The MMU can map the external physical address to the processors virtual address space that can be used like native memory but that's something normally used with a OS instead of an embedded program because of the paging overhead.

    Some MZ defaults for a OS kernel/user address space configuration.
    https://github.com/sergev/LiteBSD/wiki/PIC32MZ memory map
     
  5. bug13

    Thread Starter Well-Known Member

    Feb 13, 2012
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    This EBI thing is very new to me, and those docs you linked in look like a foreign language for me, so please bear with me. (I did googled a tutorial or some sort, but come up with nothing so far)

    I am more interested in an embedded program (for now). Will the xc32 compiler handle this process automatically? For my personal experience with xc8, if I use more ram than the target pic, the xc8 will throw an error.

    Thanks
     
  6. nsaspook

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    The 1.42-full-release-notes has this.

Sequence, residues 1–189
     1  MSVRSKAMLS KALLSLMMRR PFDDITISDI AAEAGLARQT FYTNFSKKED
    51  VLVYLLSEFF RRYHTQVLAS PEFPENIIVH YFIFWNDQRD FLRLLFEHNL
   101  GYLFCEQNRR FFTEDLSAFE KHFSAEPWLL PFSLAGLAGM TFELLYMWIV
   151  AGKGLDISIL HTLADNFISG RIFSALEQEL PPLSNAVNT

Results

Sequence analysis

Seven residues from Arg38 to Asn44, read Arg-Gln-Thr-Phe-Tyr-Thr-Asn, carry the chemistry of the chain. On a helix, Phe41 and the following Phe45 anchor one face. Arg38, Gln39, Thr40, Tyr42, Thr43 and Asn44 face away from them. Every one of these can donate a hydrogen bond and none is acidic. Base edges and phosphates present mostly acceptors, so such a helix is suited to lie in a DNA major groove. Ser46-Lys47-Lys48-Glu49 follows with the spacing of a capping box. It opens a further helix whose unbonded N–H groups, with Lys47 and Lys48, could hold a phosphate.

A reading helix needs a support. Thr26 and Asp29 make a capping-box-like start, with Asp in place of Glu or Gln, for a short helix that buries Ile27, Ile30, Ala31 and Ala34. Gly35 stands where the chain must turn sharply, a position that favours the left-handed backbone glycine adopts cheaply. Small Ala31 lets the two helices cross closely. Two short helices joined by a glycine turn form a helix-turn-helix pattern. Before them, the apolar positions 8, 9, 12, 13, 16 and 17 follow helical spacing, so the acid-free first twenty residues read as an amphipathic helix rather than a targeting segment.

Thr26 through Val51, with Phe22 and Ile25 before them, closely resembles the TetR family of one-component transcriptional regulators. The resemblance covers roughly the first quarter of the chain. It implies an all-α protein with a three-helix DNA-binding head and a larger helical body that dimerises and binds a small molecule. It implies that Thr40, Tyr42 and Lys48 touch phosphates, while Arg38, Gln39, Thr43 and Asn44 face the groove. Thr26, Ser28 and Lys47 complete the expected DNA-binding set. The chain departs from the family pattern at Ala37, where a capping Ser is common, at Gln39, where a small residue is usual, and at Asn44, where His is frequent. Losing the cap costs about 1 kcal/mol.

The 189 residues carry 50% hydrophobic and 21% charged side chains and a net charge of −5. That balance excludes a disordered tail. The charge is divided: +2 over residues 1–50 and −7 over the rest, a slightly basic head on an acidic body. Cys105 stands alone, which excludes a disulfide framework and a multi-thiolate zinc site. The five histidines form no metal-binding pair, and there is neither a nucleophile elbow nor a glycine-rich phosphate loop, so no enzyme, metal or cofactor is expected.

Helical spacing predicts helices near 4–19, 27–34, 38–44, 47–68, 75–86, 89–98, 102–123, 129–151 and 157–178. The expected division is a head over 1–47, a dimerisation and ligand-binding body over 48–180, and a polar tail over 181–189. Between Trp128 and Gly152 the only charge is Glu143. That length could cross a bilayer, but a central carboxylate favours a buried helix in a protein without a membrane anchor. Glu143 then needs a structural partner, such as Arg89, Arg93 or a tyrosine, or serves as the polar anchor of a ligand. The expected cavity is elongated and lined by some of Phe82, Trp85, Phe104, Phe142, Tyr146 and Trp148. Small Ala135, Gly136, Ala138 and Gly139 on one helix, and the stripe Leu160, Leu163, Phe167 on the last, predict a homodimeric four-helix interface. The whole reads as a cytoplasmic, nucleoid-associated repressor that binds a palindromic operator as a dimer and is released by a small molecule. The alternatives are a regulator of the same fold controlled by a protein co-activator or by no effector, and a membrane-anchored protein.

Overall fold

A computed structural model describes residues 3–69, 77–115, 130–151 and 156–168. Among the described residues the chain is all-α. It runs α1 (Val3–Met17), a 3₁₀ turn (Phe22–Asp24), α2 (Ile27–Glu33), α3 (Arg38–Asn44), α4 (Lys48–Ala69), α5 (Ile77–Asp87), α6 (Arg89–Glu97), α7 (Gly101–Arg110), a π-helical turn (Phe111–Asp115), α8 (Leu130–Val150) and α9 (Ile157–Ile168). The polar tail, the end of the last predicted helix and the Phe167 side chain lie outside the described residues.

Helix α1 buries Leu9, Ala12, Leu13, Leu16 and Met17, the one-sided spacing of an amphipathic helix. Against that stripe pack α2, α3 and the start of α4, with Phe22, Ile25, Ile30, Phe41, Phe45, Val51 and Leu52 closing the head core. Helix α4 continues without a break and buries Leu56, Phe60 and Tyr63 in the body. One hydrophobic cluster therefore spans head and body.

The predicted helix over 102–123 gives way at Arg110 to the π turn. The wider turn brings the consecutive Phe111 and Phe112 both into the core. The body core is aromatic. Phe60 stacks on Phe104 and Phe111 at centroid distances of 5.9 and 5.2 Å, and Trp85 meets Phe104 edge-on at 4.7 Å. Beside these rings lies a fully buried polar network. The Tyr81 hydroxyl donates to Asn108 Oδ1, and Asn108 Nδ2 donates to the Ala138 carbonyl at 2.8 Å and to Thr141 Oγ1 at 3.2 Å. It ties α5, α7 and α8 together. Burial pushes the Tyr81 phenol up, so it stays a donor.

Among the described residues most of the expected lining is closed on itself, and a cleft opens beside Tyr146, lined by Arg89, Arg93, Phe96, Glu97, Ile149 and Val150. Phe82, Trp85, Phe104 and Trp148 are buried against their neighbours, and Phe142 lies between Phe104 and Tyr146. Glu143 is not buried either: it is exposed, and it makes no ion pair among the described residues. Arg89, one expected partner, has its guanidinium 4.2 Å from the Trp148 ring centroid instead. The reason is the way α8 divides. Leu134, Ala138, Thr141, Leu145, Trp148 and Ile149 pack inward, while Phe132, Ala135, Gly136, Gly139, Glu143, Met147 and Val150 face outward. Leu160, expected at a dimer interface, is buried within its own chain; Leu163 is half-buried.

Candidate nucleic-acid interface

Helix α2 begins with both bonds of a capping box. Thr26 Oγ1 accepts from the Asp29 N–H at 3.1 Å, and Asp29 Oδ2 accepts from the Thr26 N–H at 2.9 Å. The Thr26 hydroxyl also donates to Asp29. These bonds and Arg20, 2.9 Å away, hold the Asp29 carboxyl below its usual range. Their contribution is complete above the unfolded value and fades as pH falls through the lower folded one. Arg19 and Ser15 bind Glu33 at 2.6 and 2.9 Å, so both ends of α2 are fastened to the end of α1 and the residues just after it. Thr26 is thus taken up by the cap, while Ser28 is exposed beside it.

Application-Defined Memory Regions -- This new feature allows you to add a new memory region to your application in C/C++ source code using a new region pragma. You can then allocate variables and functions to your region by using the new region attribute.

    • #pragma region name=name origin=address size=bytes
      Define an application-defined memory region, with the origin and the size in bytes using the region pragma. The argument name is a quoted string containing the name of the region, address is the starting address of the region, and bytes is the size in bytes of the region.
      Example:
      #pragma region name="ext_mem" origin=0xC0000000 size=0x1000

    • __attribute__((region("region_name")))
      Allocate the variable or function in the previously defined region. The region must be previously defined with the region pragma.
      Example:
      int ext_array[256] __attribute__((region("ext_mem")));
      signed int ea1 __attribute__((region("ext_mem")));
      unsigned int ea2 __attribute__((region("ext_mem")));